Renal failure is a very serious illness. The most effective treatment currently known is kidney transplantation. Ideally, a kidney from a deceased donor is used, but the supply of those in spite of joint efforts of national and international organizations is not sufficient for the growing demand. Consequently, the waiting-lists tend to grow significantly. In Belgium, there are today approximately 2,000 people in need of a kidney. The average waiting time for a kidney transplant from a deceased donor is 4 years. The patients suffer during this period and have a significant decreased quality of life from dialysis. Many of them die very soon after undergoing this medical treatment.

New Media Forum

The team: Peter, Harold, and Dominik

The Extreme Blue team shortlists their ideas


I wrote already a blog about the Extreme Blue team for Smarter Cities at the end of the first week of the project. At the end of the second they came up with 103 ‘new’ ideas. I went through the list and could reduce the list drastically, as just out of my mind I found about 70% of the ideas existed already. I must admit that some of the remaining 30 ideas were really crazy, but also unrealistic given the constraints of the program (mainly time) and the objective to make it a success. The list was further reduced by some of my colleagues who also evaluated the list and were aware of existing initiatives.

Series meetings with representatives of cities, companies specialized in traffic management, academic institutions, and the IBM labs of La Gade were the input to further refine the ideas and shorted the list to less then ten ideas. At the end of the third week eight ideas remained.

Unfortunately sad news came in at the end of the third week, one of the four students decided to leave the project. It’s the first time we have lost a student on an Extreme Blue project. But optimism and good spirit remains in the team, taking the challenge to build the best extreme blue project ever even with three team members.

In between I took them to the music and theatre festival in the city of Ghent. And mMy colleague Frank organized a meeting with the first Extreme Blue team we had in Belgium, back in 2007.

New Media Forum

TelePresence with the La Gaude labs and the students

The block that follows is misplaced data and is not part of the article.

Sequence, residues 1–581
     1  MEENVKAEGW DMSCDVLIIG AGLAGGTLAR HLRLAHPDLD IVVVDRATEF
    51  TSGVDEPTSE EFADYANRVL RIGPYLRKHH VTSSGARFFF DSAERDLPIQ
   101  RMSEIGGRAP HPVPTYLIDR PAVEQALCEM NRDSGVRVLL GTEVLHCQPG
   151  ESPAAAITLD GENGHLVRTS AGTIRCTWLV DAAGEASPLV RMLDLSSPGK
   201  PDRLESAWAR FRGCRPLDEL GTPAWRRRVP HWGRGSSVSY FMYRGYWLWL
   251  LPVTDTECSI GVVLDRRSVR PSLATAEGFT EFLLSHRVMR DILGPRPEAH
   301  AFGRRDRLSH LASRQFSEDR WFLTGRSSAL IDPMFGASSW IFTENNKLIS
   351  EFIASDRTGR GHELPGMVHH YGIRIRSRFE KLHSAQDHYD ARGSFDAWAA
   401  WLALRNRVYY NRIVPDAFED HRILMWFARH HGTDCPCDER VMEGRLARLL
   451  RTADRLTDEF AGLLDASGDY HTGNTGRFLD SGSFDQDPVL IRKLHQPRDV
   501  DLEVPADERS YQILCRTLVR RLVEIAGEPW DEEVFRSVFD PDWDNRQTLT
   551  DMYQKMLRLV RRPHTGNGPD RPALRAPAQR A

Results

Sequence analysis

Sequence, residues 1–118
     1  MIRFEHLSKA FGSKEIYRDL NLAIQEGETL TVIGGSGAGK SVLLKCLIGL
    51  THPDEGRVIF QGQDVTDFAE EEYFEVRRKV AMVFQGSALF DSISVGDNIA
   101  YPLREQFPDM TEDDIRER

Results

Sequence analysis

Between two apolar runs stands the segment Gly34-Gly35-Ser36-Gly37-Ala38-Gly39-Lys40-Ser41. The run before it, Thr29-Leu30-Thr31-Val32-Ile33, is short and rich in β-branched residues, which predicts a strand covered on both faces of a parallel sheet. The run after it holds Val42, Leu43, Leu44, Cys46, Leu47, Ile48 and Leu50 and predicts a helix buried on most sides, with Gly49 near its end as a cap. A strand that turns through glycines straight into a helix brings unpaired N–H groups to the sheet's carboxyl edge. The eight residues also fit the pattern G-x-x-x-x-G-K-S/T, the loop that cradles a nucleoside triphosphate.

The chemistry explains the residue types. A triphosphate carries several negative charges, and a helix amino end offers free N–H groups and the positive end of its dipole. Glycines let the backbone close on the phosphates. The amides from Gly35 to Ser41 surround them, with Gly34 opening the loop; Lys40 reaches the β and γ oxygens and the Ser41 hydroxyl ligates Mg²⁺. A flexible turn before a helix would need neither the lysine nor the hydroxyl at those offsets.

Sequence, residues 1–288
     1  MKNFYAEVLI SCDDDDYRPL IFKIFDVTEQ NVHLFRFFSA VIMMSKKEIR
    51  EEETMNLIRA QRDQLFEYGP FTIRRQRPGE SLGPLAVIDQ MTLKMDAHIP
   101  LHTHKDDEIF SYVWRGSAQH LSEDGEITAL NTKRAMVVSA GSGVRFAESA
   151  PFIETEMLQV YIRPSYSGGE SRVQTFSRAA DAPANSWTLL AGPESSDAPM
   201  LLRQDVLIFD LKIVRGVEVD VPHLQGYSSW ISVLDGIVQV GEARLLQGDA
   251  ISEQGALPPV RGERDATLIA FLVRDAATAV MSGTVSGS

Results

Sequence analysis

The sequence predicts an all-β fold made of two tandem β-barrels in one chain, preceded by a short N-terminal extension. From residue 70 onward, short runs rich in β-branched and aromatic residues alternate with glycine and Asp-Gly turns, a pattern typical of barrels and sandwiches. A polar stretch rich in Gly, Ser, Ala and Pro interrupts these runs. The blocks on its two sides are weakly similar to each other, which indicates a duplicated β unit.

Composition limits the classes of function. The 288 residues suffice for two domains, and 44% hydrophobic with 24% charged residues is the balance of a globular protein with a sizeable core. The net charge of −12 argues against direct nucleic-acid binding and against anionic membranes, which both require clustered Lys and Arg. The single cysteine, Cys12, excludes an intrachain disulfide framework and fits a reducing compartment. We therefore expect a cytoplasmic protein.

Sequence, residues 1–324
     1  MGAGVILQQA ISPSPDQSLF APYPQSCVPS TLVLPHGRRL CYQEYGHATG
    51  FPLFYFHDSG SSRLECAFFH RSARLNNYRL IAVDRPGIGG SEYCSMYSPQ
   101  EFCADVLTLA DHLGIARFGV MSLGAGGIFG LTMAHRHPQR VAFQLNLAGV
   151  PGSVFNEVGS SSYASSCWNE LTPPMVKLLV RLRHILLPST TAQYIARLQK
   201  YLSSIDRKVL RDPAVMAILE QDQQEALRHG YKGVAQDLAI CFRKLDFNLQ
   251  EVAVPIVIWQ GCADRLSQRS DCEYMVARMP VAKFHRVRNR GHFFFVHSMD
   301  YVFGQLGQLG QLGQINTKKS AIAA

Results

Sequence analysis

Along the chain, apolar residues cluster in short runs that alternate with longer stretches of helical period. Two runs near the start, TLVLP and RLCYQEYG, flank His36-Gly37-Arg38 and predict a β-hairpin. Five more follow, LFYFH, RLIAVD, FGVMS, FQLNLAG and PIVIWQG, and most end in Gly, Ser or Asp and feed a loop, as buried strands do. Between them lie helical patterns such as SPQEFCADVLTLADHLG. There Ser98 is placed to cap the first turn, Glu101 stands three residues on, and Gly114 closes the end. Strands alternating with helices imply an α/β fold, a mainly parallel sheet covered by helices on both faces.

Going to ... and make it a better world



In the past years, I have been intrigued by international humanitarian organization such as Doctors Without Borders / Médecins Sans Frontières (MSF). Having no medical degree I looked to two other organizations with a better fit to my profile and background. First, with my engineering background, I checked out Engineers Without Borders. However this is not a very active organization these days. Second, as a pilot, I checked out Aviation Without Borders. It is a great program, but no needs for additional volunteer pilots nowadays.

During the eastern holidays, at the beginning of April, I received an internal IBM mail from BeNeLux Communications department. The application for the next round of Corporate Service Corps (CSC) program was announced to be opened on April 23 th. The CSC program is IBM’s leadership development program that sends teams of IBMers to work on projects in developing countries, addressing core societal challenges. Although, in the past I read occasionally about the CSC program, I clicked this time the link and started going through all the details. The following weeks I studied the details, and concluded that this was the opportunity to apply for now. I was getting curious to see the questions of the application form. At the opening of the application I logged into the CSC website and opened the application form. Initially, I was very encouraged by the easy questions. Until I scrolled down the list of questions and arrived at four essay questions, there I was getting discouraged. I closed down the browser, and continued my work.

Corporate Service Corps